Kelvin Au’s Recipe for Investment: Five Key Ingredients
23rd August 2013
At Level39, our #L39OfficeHours programme puts our members in touch with some expert mentors. This week, tech investor Kelvin Au came to our Canary Wharf base to share his knowledge. Kelvin represents DFJ Esprit – check them out!
After mentoring four Level39 members, Kelvin sat with me and let me know five tips that every startup should hear, if they want their business to be an investable proposition:
ONE: It’s A Team Game.
Let’s get one thing clear from the off, teams are extremely important. At an early stage, you don’t need to have a ‘full team’ either. Don’t get hung up if you don’t have a dedicated marketing guy, for example, as what you need is a dedicated a multi-skilled core team. This core team has to share the same and culture vision as you, the founders. Your team should share a complimentary skills set too, as in the early days, all of your jobs will overlap. You’ll need to have sight of eachother’s work, and you’ll need the ability to step in and pick something up from a colleague. So each team member needs to ‘get’ what each other member is doing.
TWO: Market Opportunity
When you’ve identified your market opportunity through desktop research, surveys and other tired and tested techniques, you need to be yourselves and ask: Is there genuinely a market fit for my product or service? Or am I trying to crowbar something into a marketplace that doesn’t need it? If you’re doubtful, do some primary research in the field. Talk to the buyers from your target industry – they’re the guys holding the chequebooks!
THREE: Real Feedback and MVP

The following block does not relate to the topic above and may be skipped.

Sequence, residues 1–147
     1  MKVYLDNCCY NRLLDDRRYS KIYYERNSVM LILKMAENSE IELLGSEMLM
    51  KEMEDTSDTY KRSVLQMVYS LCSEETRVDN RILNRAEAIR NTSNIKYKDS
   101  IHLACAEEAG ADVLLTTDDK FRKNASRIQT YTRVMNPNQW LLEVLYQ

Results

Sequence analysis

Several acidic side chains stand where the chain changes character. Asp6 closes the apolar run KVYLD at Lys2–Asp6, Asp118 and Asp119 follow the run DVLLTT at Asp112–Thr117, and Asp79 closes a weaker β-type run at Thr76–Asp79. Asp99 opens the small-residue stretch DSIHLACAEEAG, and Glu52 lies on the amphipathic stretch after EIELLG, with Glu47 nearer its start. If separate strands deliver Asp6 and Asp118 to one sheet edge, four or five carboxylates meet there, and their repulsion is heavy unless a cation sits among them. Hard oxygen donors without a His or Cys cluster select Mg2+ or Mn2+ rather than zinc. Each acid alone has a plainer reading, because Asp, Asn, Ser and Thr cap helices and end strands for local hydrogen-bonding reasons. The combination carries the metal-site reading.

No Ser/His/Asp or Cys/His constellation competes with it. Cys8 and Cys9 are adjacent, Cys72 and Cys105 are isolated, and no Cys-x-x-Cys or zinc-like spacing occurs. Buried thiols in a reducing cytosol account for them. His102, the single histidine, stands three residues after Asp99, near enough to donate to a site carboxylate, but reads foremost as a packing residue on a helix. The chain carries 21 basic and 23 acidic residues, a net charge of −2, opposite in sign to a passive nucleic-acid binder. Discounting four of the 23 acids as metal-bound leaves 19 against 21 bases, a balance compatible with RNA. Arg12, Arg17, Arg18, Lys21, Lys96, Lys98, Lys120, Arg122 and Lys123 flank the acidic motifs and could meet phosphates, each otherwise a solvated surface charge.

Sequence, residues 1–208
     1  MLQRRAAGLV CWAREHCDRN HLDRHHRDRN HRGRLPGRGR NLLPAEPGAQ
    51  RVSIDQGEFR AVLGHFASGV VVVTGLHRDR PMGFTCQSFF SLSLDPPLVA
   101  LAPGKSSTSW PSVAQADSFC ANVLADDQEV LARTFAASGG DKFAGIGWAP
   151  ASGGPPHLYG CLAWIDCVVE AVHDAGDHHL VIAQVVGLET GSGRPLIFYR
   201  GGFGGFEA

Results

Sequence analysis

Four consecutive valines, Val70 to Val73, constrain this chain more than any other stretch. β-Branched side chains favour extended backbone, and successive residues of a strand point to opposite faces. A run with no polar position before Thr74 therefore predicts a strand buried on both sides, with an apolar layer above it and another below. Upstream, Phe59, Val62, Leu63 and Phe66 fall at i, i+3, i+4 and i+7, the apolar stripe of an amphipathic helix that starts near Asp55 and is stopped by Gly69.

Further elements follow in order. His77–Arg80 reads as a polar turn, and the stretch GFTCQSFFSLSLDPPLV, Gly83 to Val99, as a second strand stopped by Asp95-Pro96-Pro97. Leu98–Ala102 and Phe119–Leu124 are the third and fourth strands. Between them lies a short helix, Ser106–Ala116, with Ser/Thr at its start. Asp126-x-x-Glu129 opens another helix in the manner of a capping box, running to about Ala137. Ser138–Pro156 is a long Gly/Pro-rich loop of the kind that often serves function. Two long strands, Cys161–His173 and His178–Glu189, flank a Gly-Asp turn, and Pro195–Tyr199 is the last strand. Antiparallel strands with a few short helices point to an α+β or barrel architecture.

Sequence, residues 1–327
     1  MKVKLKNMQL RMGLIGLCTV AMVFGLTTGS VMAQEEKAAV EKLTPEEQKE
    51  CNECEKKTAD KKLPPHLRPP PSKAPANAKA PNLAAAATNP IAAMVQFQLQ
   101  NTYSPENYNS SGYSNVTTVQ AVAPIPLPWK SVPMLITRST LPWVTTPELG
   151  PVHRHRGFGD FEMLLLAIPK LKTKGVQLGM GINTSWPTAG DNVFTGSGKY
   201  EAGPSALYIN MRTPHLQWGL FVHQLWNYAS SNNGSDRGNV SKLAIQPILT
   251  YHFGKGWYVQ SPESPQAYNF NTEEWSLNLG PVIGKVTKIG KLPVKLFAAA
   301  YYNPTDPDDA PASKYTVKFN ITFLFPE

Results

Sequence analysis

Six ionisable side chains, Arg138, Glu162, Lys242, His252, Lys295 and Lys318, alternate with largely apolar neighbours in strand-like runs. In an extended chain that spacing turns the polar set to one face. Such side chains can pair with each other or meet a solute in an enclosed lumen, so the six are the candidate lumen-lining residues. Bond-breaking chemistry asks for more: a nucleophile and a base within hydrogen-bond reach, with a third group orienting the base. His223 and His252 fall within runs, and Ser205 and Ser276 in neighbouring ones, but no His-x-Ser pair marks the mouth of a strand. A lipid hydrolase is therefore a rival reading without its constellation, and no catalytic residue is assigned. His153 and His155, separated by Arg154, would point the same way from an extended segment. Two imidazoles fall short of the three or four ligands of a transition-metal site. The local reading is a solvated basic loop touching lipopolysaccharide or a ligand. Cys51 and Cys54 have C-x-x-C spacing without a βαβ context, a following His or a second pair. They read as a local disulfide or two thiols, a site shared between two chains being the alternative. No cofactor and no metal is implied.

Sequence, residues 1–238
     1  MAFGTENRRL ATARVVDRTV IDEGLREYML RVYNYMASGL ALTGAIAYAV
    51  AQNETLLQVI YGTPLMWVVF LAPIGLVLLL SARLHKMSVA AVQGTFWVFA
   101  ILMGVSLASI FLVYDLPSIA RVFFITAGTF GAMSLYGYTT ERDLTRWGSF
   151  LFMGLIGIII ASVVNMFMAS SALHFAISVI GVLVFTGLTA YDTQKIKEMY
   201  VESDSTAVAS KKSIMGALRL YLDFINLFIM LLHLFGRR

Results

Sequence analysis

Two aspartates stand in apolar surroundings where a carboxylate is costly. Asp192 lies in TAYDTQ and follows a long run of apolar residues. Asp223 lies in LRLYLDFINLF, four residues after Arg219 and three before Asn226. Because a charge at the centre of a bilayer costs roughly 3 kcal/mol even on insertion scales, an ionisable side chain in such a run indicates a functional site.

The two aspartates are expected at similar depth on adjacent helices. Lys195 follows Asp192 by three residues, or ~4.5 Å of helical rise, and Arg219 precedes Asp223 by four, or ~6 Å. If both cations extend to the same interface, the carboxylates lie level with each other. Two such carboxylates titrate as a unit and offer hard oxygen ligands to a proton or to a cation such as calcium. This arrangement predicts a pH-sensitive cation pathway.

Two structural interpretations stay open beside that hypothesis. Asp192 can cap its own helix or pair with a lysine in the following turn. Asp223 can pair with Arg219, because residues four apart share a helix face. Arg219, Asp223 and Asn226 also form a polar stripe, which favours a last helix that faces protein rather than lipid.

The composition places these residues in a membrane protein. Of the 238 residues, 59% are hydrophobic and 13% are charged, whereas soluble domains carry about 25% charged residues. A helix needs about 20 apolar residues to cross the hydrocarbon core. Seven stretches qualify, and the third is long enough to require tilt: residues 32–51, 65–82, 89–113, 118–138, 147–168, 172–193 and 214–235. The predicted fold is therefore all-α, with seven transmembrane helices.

Ideally, you’ll want to have an MVP – a minimum viable product. A MVP is a very simple but usable version of your product. It should be a product that gives prospective clients a feel of what your product offers, without the personal expense to your company of building the product in its final form. An MVP will win you valuable validation and feedback – going into an investors office with an MVP is far more valuable than going in with an idea. An MVP will enable buyers to analyse whether your produce has a purpose in the market, or can if it can pivot in order to achieve a more saleable purpose. I know that the funding and expertise required to build an MVP is hard to come by, in order to build an MVP – but it might even be worth doing a small seed round to help build it. After you have distributed a successful MVP, this will help you demonstrate traction to further investors.
FOUR: Business Strategy
When you’re past your seed level funding, and are looking for the next round, you must have a higher level business strategy in place. This will cover the finer detail of your business model, revenue generation strategy and customer profiles. You need to ask yourself: who are your key customers? What’s their age and gender? Do they have particular lifestyle choice? What’s their geographical location? And be specific! Another thing you need to analysing how these customers spend money with your business. Do they buy things from you whilst they’re on the bus home? Do they shop in the evening? Does your technology encourage repeat purchases? Do you find revenue through advertising, rather than directly from purchases?
FIVE: There’s Method in your Method
A golden rule is this: Have decent processes in place, right from the off. Even if you’re a bootstrapping your company, even if you’re a 2-person-business, start implementing and following business procedures right from the start. Use things like Google Basecamp to manage your tasks and your team. If you’re an e-commerce company, use Mixpanel to track KPIs from a user or data perspective. When it comes to internal business management: keep a handle on your financials. Even when your biz isn’t making money! These systems will be your bedrock, and the basis of scaling up to the next level. Therefore if your product suddenly goes crazy and starts selling to millions, you will be able to handle it.